Eight representatives from small public schools met for nearly six hours Wednesday at a Macon restaurant to hammer out details for their proposed start-up league.
Those men, representing a large swath of rural Georgia, discussed a set of by-laws for the new organization, which is tentatively named the Georgia Public Schools Association. The meeting broke up just before 4 p.m. in a meeting room at Ryan’s, with the committee likely to meet one more time before a larger group of all interested schools meet in January.
Working off a model based on the GISA by-laws, the group drafted governing rules and regulations for the GPSA. The committee, whose members were nominated at a Dec. 13 meeting in Rochelle, also focused on details for cross country, football and softball -- fall sports that would be the first administered by the new GPSA during the 2012-13 school year. They said they hoped to have the framework of the by-laws in place prior to the larger meeting.
“I think we’ve done some great work, but there is still a lot of work to do,” Wilcox County principal Chad Davis said.
Wednesday’s meeting came a day after the GHSA changed its agenda for a Jan. 10 executive committee meeting. The amended agenda now includes a discussion of the public versus private issue for Class A schools. The Telegraph reported Wednesday that the GHSA reclassification subcommittee will ask the overall executive committee to split up Class A public and private schools in all sports for the playoffs. The executive committee voted against a public/private split in four sports at an October meeting.
“We need to move on like that meeting isn’t taking place,” Turner County superintendent Ray Jordan said Wednesday. “If they make a decision that impacts us, I suggest we meet as soon as possible after. But we can’t allow possible action to delay our action.”
Joining Davis and Jordan on the committee were Seminole County head football coach Alan Ingram, Terrell County athletics director William Huff, Gordon Lee athletics director Greg Ellis, Washington-Wilkes athletics director Robby Robinson, Warren County principal Kaveous Preston and Clinch County’s Cecil Barber. Jordan took a leadership role in drafting the by-laws. Stratford’s Billy Sellers represented the GISA in an observation and advisory role at the meeting. The GISA has offered advice in the formation of the GPSA. Sellers largely answered questions on how the GISA administers its by-laws.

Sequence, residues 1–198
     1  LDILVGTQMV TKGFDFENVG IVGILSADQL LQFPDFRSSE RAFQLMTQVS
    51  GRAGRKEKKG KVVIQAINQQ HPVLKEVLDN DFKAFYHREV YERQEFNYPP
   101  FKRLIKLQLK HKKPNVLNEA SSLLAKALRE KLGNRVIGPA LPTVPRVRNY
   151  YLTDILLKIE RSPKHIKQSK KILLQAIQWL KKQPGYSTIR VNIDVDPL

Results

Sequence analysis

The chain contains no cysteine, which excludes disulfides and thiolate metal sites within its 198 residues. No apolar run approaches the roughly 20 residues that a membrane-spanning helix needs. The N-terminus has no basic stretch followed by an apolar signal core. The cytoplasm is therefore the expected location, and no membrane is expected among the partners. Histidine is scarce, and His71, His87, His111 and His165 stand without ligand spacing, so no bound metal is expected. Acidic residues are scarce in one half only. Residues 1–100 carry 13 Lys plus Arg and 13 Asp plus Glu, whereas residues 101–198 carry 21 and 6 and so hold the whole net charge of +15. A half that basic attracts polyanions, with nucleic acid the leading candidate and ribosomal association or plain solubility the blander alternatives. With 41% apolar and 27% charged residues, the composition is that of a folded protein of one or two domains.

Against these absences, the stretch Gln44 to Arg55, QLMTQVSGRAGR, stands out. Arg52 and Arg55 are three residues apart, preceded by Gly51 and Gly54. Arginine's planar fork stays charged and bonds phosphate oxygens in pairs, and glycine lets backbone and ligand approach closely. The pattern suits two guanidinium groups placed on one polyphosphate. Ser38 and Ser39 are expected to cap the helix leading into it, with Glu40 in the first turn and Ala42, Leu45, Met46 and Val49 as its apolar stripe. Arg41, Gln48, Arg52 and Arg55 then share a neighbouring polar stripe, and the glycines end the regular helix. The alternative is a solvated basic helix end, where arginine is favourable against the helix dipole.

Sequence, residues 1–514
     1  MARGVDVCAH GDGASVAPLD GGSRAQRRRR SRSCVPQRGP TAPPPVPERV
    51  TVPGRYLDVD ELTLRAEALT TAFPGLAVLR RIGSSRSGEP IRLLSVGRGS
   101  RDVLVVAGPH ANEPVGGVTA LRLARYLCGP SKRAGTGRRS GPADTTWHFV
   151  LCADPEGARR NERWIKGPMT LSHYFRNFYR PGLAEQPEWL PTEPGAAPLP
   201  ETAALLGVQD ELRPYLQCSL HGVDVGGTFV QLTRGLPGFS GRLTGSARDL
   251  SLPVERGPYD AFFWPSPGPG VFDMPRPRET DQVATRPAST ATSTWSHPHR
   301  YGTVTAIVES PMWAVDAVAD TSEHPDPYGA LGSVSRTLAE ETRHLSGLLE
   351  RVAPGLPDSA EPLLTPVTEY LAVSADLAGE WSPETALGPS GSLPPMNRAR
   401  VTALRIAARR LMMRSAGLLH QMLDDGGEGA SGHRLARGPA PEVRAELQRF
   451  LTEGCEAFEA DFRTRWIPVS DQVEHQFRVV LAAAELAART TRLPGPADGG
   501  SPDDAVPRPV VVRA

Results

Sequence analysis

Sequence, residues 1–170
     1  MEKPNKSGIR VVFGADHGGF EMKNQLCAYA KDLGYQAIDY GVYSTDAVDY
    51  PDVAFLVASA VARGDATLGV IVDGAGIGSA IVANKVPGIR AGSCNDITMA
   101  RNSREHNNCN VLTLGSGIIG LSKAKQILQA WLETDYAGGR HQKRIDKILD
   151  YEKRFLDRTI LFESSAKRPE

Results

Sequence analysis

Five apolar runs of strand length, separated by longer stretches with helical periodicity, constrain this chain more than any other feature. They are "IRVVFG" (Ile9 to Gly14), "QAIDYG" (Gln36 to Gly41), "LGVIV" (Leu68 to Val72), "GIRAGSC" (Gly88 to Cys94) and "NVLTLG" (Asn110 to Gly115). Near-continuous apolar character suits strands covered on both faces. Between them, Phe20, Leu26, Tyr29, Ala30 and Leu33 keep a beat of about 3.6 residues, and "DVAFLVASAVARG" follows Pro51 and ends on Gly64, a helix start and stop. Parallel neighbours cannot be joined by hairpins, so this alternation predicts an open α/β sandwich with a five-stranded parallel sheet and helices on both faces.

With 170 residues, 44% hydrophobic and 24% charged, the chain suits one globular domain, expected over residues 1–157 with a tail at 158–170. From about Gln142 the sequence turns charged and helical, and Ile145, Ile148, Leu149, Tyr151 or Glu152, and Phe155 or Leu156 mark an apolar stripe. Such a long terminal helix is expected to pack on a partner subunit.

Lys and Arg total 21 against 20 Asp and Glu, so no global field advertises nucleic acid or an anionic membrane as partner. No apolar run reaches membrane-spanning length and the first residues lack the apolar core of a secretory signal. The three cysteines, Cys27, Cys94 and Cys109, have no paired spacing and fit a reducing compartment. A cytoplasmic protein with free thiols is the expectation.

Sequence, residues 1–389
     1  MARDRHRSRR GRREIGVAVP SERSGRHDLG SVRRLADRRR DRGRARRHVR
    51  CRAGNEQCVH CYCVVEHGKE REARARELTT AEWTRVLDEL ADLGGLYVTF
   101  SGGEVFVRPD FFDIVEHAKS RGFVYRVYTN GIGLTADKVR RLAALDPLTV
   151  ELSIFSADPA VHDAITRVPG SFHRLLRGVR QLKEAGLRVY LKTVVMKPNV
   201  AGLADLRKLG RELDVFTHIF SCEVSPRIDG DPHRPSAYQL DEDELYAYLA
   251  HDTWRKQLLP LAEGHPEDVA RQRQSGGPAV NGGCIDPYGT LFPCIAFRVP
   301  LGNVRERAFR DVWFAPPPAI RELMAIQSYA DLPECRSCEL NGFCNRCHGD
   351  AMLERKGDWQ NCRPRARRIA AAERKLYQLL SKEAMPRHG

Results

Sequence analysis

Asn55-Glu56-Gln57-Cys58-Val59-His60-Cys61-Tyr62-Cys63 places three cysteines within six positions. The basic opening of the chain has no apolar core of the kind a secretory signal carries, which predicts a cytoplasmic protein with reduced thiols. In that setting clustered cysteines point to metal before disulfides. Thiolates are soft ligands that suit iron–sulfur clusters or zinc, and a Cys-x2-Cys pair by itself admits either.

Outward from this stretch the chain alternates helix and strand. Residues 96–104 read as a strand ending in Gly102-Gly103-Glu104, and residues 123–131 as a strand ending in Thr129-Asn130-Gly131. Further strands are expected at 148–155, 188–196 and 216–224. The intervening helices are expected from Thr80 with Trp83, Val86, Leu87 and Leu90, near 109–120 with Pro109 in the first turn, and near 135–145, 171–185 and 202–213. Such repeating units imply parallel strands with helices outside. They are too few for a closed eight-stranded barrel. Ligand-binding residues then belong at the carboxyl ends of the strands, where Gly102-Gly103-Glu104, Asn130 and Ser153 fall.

The GPSA’s rules and regulations stayed pretty consistent with those in the GHSA and GISA by-laws with a few notable exceptions.
The biggest difference is how the GPSA deals with transfer eligibility.
The proposal, which members said is open to change following feedback from potential member schools, calls for all transfers to be initially ruled as ineligible. All transfers will have the option of appealing to their region’s advisory council, which would be made up of between four and seven members, for immediate eligibility if they had a legitimate reason for transfer. If the appeal fails with the region advisory council, then the school would have a chance to appeal to the overall GPSA executive committee.
The idea behind the proposal, members said, was that regions should be able to police recruiting and illegitimate moves better than a statewide body. The final appeals process to the GPSA overall would restrict collusion from members of a region targeting a single school, the members said.
The other big change would be the construction of the overall executive committee. The GHSA executive committee takes one representative from its 40 regions and adds 10 other at-large or specially designated members.
The GPSA hasn’t worked out the size of its executive committee, but membership on that committee or on a region’s advisory council would be restricted to current employees of a school. The GHSA currently has retired coaches or administrators and those unaffiliated with schools -- elected by the region they represent -- on its executive committee. Five members of the GHSA’s 12-member reclassification subcommittee fall into that category.
“Those people who don’t have a stake in the decisions shouldn’t be making them,” Davis said.
The group proposed two annual meetings in which all member schools would be required to attend, similar to the GISA’s rules.
The committee agreed to allow its member schools to compete against GISA schools during the regular season, and they also approved interscholastic competition against GHSA schools, although they all believed that would be unlikely. The GHSA already prohibits its member schools from competing against GISA schools.
The leadership is aiming for a Jan. 9 meeting in Macon to discuss the GPSA. The leaders said they will invite all public schools in the state. The GPSA will ask for commitments to the new league by Feb. 15.
The GPSA leaders initially scheduled the January meeting for Jan. 4, but they said they wanted to have enough time to get the word out with schools returning from the holiday break. Perhaps not coincidentally, the meeting could take place one day before the GHSA executive committee meets Jan. 10 to ratify reclassification and potentially vote on a public-private split for the playoffs in Class A.
“We never want to take anything off the table,” said Jordan, when asked if a public-private split in Class A would be enough for schools considering the GPSA to stay in the GHSA.